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Posted on July 29th, 2020
Camp Lejeune water contamination continues to plague thousands of veterans and their families across the country. New evidence is adding support to the theory that cancer-causing chemicals identified in Camp Lejeune's water supply can cause severe illnesses, including hepatic angiosarcoma - a rare form of liver cancer.
Veterans who served on active duty in the Armed Forces at Camp Lejeune for 30 or more cumulative days between August 1, 1953, and December 31, 1987, may qualify for VA disability compensation and certain medical benefits, following the passage of the Honoring America's Veterans and Caring for Camp Lejeune Families Act of 2012. The evidence must also show they have a current disease and a medical opinion indicating the disease is a result of exposure to the contaminated water at Camp Lejeune.
It's recognized that environmental factors play a role in the development of many types of cancer, including liver cancer. Among these factors is exposure to certain chemicals through drinking water.
Between 1952 and 1987, drinking-water systems that supplied two areas of housing at Camp Lejeune were contaminated with volatile organic compounds. Nearly 1 million Marines, sailors, civilian employees, and military family members were potentially exposed to contaminated drinking water.
The most prevalent and health-hazardous contaminants identified were:
Vinyl chloride is a colorless gas that evaporates very quickly, and an important industrial chemical chiefly used to produce the polymer polyvinyl chloride (PVC). It can enter the air, soil, and groundwater following improper disposal of chemical wastes. It is classified as a human carcinogen and has been shown to induce liver cancer in rats, mice, hamsters, and humans. Based on a rat bioassay, a quantitative estimate of human cancer hazard was calculated for exposure to this compound in drinking water. Both TCE and vinyl chloride identified in Camp Lejeune's water supply have toxic effects on the liver, and it has recently been suggested that also cause hepatocellular carcinoma.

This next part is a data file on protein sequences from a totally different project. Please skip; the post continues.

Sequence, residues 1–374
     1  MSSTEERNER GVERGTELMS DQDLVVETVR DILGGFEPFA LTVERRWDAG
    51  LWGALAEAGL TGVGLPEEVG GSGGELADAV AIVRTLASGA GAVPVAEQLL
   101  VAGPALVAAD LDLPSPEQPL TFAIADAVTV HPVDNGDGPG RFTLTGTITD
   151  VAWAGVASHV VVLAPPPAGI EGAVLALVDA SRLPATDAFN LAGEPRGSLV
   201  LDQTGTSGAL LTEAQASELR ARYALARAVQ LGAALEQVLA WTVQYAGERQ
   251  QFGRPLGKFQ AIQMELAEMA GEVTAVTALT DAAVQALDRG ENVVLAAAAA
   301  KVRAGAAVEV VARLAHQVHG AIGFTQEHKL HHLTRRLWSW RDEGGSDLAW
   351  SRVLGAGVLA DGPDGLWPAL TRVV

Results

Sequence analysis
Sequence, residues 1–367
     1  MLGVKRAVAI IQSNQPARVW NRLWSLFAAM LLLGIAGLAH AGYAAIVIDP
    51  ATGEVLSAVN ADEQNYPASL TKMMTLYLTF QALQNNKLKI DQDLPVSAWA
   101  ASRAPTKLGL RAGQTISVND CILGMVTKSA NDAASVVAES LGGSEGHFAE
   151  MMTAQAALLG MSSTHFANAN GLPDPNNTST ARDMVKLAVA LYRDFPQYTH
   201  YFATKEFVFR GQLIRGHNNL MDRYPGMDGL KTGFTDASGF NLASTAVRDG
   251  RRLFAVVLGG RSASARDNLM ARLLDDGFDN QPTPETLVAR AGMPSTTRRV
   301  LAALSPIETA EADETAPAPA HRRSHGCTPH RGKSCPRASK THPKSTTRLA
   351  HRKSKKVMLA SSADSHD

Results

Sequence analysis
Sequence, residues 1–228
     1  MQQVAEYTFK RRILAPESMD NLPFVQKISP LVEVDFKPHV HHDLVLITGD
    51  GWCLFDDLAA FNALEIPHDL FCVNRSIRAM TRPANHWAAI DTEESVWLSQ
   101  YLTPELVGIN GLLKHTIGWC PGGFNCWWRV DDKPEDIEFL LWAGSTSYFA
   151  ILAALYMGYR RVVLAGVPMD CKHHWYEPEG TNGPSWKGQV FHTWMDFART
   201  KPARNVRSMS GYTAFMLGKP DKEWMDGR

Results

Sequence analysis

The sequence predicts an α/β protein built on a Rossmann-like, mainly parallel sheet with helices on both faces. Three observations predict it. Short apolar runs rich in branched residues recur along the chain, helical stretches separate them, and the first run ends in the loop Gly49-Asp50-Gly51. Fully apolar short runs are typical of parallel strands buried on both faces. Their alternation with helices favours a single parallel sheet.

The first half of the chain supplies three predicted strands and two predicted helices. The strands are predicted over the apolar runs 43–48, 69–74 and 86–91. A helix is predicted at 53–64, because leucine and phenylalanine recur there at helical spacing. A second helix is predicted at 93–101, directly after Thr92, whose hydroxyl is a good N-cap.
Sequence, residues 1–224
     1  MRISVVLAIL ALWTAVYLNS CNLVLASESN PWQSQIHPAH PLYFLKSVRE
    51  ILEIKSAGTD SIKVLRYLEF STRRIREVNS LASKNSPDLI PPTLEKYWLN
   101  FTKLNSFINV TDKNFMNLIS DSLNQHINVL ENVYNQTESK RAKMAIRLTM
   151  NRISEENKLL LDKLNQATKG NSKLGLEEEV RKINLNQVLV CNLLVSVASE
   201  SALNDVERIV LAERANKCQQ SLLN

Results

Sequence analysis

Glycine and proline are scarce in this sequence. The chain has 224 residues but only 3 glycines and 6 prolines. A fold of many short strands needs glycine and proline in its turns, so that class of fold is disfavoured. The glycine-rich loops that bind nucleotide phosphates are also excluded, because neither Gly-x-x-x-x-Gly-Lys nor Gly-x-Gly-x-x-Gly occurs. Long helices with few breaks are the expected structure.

According to the VA, up to 23,000 veterans may be eligible for these benefits, which could total $2.2 billion in payments over five years. To qualify, you must submit records to confirm both your diagnosis and your military service.
If you or a loved one have been diagnosed with liver cancer or any medical condition you believe may be linked to drinking contaminated water from Camp Lejeune, please call us for a review of your case, because: